Baseball: Monarchs nab second straight county crown

05/31/2011 10:10 PM |

GARRET MEADE PHOTO | Pat Stepnoski issued eight walks, but he also supplied four hits as Bishop McGann-Mercy wrapped up its second straight county championship.

After toiling hard to win a vital baseball game on a hot, sunny day, there’s nothing better than jumping into a bath or show to cool off.

The Bishop McGann-Mercy Monarchs did exactly that, although it was not necessarily the conventional way.

After securing the Suffolk County Class C championship for the second consecutive year, the entire team took a plunge into the pond beyond the left-field fence to celebrate after registering an 8-3 win over the Pierson/Bridgehampton Whalers in Riverhead on Tuesday.

“It’s disgusting. It smells terrible, but it’s something that makes us unique,” catcher Rocco Pascale said. “Not many schools have a pond in left field.”

The Monarchs followed tradition, which started before Coach Ed Meier’s teams won county championships in 2007 and 2010. Last year they clinched the crown on the road, so they had to wait a day before their wet celebration.

“Some came back, some went to their senior prom. They didn’t go and jump in,” Pascale said. “Some of the youngsters did. This is unifying. Everybody went in. I didn’t want to go in. I didn’t go in last year. They legitimately grabbed me and threw me in the water.”

Pascale smacked a two-run home run to key a five-run first inning that gave junior right-hander Pat Stepnoski some breathing room. Stepnoski struck out eight batters and limited Pierson/Bridgehampton (12-9) to two hits and one run over five and one-third innings before J. T. De Scalo closed out the game with four strikeouts.

McGann-Mercy (16-4) will play the Friends Academy Quakers for the Long Island championship at Farmingdale State College at 4:30 p.m. Sunday in a rematch of last year’s game.

Meier remembered that encounter — a 7-2 loss. He said Friends hit a grand slam and the Monarchs hit into four double plays.

“We were neck and neck with them,” he said. “They made the big plays and we didn’t. That’s tough to overcome in one game and that’s all it is — one game.”

Added Pascale: “I want to win the next one. I haven’t won that one. We didn’t play our best. They just did.”

So getting another opportunity at Friend was retribution, right?

“More than retribution,” Meier said. “It was the experience our guys had being there. It’s a nice venue. It’s a stadium. There’s a lot of people. It’s a big game. We can take that into it. So will they. That experience is better than the retribution, if it would occur.”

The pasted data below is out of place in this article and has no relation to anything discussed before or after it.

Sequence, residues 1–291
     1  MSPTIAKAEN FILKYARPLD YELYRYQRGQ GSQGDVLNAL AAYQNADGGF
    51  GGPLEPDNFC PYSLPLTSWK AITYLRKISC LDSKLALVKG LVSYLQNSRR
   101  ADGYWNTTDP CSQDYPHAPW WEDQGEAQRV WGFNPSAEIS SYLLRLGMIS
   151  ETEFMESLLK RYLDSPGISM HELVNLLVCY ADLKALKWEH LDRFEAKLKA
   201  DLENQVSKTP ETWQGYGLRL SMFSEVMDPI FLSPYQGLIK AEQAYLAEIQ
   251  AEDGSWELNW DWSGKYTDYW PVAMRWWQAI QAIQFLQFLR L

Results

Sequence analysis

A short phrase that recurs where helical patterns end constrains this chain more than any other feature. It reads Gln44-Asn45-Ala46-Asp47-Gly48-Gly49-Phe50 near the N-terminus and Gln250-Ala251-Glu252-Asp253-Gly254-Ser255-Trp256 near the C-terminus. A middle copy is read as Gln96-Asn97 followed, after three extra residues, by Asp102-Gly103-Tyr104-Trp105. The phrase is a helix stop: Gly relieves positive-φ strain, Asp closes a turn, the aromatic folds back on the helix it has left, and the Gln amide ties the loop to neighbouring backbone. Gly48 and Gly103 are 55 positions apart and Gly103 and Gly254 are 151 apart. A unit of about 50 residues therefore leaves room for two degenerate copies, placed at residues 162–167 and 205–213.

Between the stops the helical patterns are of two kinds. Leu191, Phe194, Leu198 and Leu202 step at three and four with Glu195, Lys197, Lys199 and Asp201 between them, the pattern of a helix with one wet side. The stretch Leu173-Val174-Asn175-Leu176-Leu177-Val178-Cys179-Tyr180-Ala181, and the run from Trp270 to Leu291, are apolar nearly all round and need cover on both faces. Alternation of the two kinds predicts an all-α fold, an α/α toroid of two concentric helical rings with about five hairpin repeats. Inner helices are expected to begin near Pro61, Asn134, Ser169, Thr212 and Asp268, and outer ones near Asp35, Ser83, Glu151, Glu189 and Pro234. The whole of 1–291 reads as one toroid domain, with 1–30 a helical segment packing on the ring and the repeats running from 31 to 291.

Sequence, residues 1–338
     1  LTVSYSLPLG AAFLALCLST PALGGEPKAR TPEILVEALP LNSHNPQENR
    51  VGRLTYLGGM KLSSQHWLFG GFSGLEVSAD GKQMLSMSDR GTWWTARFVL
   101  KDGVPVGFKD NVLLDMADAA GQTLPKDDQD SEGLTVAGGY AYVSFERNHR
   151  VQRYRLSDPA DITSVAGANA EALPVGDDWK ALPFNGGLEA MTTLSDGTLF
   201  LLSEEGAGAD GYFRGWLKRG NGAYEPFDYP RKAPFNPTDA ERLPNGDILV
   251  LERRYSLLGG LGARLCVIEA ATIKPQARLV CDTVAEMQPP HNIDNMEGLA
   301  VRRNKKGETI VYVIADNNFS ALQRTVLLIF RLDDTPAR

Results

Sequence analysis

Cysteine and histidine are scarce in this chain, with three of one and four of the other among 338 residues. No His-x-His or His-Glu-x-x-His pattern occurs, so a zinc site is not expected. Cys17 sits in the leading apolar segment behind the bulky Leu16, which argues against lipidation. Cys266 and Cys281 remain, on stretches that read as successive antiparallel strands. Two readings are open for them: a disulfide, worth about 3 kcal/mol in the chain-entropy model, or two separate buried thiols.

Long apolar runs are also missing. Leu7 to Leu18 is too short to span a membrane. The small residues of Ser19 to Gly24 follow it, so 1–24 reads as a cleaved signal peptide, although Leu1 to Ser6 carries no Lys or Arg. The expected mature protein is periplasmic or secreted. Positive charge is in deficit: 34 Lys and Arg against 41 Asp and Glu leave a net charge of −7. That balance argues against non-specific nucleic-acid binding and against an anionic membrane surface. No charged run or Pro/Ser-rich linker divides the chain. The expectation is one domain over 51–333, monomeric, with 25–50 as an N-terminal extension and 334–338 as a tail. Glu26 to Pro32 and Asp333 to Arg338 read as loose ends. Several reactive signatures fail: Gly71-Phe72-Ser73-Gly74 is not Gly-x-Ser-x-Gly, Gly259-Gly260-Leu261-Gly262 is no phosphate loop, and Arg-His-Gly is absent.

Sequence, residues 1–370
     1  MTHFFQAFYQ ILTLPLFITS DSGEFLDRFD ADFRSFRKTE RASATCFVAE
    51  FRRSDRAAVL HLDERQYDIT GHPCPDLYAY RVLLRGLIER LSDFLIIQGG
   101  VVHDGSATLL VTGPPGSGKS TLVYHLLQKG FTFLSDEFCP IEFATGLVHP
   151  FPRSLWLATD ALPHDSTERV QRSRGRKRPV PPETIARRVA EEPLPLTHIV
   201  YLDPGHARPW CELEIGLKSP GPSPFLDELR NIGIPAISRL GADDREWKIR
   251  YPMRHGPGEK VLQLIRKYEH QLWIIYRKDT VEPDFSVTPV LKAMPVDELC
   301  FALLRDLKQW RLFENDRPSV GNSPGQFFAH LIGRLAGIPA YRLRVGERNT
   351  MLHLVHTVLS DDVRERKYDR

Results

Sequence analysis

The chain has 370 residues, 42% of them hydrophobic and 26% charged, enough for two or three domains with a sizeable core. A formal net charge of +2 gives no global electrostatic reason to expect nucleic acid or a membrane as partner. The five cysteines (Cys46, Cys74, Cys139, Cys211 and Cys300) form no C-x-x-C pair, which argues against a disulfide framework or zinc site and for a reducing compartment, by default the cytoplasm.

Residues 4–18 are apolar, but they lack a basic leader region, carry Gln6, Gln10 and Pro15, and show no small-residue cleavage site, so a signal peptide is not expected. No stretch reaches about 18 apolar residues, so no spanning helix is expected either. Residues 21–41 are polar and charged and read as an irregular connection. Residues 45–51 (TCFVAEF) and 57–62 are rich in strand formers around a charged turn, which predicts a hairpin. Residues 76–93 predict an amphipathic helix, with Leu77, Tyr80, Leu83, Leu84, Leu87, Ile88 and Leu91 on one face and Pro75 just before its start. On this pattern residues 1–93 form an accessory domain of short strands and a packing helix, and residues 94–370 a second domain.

Tuesday’s game was almost over before it began. Shortstop Keith Schroeher hit a one-out double, which was followed by Pascale’s seventh homer of the season, a towering drive to right. D. J. Willmott and Owen Gilpin added run-scoring singles and an error helped another run score. The Monarchs added two more runs in the second inning.

“It ignited a little rally,” Pascale said of his blast. “It got everybody up. Putting something on the board right away, it gets everybody up. It puts the other team down as well. If you can knock them down real quick and put yourself up real quick, it almost sets the pace for everything.”

That was not lost on Meier.

“You can’t ask for a better start to put up a crooked number in the first inning,” he said. “That really relaxes our pitcher. He doesn’t have to be as perfect. You saw that he was struggling with control today a little bit. But when he was in the zone, he was tough to hit. Hot day. He battled for us.”

Stepnoski pitched in and out of trouble, thanks to eight walks, leaving the bases loaded in the third and fifth innings.

Pascale said Stepnoski was the most valuable player of the tournament, which included a win over the Port Jefferson Royals.

“He’s got this thing that he wants to overpower everybody,” he said. “Sometimes it could be a little frustrating because it’s hot. I always know good things are going to happen when he’s on the mound.”

These are exciting times for the Meier family. He said that he and his wife, Nicole, were expecting a child and were due “any moment now.”

“She was having contractions today actually,” he said.

The couple did not know the sex of the child, so they will be surprised whenever the delivery occurs.

Meier certainly wouldn’t mind the Monarchs delivering a surprise or two with a win on the field on Sunday as well.

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